It is time to stop labeling moths as villains. Moths received an unfortunate, terrible rep due to the common phobia of insects when reporters hyperbolically covered moth plagues over towns and moth inspections at apartments. However, in his documentary The Night Visitors, video artist Michael Gitlin discerns them as benefactors for Earth: he encompasses a personal and societal lens on how the moths’ pollination of flowers leads to good harvest and the planet’s biodiversity.

The Night Visitors is an extension of Gitlin’s fervid ecological output after observing caves in Nine Guided Tours (2000), birds in The Birdpeople (2004), and fossils in The Earth is Young (2009). Gitlin applies animation, observation footage of moth enthusiasts across the U.S. (particularly of the annual Ohio event Mothapalooza), text, and voiceovers from himself and others. Those techniques accentuate the moths’ caregiving responsibilities and growth from caterpillar to butterfly-esque, adult-like human beings. This configuration establishes the solicitous reasons moths need to stay in our ecosystem. 

The Night Visitors is a playful inverse of the Planet Earth / DisneyNature documentary formula. These works tend to present a chronological presentation of the featured animals’ lives and have a narrator with an intellectually neutral cadence where people pedagogically comprehend their traditions. Gitlin shot the moths in an extended lens, with one light source, to dig deep into their finesse as caterpillars crawl and eat on a leaf. Early in the film, he incorporates an onscreen-lyric video of a person’s amusement at the moths. Its fast-paced delivery burgeons Gitlin’s subversion to the anthropological narrative; it buttresses his attuned weariness of the film’s tone. The segment acclimates the audience into having a fun time on their journey with the cast. Though this is one of the few moments that will garner a chuckle, it reduced the haunting expectations of the ride we buckled our seats on.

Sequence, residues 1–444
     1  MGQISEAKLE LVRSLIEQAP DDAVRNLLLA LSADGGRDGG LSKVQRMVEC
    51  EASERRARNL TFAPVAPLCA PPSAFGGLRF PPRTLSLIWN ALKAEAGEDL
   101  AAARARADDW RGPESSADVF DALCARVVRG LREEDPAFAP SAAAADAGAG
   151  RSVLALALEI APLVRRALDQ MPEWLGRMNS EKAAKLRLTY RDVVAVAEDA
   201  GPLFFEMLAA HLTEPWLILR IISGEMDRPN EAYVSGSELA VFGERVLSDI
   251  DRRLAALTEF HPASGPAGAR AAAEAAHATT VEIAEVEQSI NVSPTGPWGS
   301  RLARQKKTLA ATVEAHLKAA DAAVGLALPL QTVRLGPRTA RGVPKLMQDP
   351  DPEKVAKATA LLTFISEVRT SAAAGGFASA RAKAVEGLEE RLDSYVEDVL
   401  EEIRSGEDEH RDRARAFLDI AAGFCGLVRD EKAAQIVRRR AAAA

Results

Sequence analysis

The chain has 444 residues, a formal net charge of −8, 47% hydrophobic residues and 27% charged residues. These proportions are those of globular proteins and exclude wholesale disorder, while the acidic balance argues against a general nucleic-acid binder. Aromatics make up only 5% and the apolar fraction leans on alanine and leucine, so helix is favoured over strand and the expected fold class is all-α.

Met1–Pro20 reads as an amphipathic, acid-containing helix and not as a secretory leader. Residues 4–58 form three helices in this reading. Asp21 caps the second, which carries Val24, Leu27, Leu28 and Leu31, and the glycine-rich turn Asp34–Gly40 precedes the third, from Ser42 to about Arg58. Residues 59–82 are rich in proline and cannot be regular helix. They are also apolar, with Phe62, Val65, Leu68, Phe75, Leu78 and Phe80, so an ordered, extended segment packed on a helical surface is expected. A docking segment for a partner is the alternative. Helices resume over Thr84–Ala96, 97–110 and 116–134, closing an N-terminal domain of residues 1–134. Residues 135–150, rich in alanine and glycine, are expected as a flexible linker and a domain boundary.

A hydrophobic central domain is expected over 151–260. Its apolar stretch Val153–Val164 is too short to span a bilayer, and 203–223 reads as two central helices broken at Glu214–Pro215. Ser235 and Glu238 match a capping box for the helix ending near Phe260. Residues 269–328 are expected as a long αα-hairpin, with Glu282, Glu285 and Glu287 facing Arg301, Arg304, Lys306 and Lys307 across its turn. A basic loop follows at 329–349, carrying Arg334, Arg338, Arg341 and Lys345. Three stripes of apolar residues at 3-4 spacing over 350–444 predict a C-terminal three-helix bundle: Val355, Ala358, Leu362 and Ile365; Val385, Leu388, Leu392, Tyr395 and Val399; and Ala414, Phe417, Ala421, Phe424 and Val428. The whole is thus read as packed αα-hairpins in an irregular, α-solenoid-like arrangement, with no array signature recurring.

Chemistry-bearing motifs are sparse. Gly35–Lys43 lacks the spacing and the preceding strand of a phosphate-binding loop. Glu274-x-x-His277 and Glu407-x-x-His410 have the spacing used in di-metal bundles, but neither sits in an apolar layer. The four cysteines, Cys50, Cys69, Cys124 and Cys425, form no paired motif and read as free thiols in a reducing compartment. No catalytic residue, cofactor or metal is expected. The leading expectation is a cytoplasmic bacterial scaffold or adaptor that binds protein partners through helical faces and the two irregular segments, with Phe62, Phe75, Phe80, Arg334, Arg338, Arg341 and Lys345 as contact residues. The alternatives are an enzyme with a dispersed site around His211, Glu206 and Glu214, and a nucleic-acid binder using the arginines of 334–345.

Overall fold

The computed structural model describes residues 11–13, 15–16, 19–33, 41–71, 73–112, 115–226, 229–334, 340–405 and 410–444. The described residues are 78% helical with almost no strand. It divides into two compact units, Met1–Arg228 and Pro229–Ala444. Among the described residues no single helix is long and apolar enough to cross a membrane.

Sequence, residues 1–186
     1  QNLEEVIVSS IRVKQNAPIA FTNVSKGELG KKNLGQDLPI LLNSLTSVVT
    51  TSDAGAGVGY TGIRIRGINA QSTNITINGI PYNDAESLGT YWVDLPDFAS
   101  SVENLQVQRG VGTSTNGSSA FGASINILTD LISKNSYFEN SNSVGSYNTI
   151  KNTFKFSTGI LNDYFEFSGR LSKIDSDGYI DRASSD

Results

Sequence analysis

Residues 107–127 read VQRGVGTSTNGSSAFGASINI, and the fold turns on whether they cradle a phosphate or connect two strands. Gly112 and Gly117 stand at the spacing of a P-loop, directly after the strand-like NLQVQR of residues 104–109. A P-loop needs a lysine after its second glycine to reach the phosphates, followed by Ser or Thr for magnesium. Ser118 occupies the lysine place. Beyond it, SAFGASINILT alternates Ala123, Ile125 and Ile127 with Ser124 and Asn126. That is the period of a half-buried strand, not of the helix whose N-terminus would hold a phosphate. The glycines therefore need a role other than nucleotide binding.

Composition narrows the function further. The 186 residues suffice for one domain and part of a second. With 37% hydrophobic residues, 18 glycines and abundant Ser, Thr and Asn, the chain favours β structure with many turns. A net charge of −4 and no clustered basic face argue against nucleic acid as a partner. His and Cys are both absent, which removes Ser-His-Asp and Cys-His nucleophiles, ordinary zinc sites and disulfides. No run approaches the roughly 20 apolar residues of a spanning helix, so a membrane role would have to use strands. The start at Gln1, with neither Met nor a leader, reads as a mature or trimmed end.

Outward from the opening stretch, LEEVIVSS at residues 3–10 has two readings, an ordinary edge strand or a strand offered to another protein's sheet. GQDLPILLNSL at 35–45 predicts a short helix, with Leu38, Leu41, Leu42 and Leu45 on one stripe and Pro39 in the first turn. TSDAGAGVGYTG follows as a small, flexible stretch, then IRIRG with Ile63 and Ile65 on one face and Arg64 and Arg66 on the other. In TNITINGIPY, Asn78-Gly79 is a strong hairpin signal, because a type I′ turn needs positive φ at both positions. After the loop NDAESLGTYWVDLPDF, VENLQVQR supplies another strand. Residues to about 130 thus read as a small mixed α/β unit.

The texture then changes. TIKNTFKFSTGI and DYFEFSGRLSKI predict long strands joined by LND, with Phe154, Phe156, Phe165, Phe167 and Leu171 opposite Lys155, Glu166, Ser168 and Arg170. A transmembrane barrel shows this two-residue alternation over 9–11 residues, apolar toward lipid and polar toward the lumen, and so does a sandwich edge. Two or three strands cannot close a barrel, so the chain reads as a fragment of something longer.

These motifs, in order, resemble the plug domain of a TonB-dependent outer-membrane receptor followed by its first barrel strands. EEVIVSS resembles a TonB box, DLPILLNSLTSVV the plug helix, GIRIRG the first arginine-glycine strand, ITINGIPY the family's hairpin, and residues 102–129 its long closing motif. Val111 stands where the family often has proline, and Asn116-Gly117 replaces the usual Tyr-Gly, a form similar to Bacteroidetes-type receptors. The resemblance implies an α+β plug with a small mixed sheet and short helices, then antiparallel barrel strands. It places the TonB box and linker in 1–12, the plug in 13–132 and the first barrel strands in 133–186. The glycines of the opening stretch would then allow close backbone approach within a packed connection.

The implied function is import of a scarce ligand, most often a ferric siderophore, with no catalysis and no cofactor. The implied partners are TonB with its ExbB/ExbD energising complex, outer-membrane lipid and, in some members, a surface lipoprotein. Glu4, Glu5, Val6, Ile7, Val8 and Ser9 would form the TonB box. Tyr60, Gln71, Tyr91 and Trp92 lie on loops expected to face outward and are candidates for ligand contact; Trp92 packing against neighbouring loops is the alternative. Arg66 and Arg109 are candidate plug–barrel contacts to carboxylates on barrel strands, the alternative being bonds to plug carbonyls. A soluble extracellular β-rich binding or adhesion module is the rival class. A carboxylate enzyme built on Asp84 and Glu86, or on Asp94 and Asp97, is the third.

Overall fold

Gitlin repeatedly wields a TV screen to explore the methods people have been conditioned to their relationship with moths. Notwithstanding its introspection from the contemporary to the historical, it could have been more effective by just cutting from a close-up of the entomological characters’ dazzling wings to archival footage as its corresponding narration from Gitlin and the ensemble serves as a time-traveling bridge. The framing device of the screen has been used in many films to understand the lead-up of environmentalism from the past into its effects in the present day. However, Gitlin makes an intimate revelation about his relationship with moths at a pivotal point, how the teachings on dreading moths have been transferred from generation to generation.

Gitlin shares a past anecdote about how reading books regarding “the nature of omens” formulated his insights on moths during a visit to a relative’s cottage. In a fragile elocution, he reveals that the fears developed in his past made him kill a moth. His negative interaction with the moths transcends the ethnographic, essayistic, and observational cinematographic modes. It invigorates one’s curiosity in grasping precarity and learning to love one another––thus The Night Visitors is a heartfelt letter of unification. It attempts to destigmatize the terrors of moths and other bugs, allowing us to appreciate the moths pollinating food and their presence.

The Night Visitors made its world premiere at the New York Film Festival.

Grade: B-

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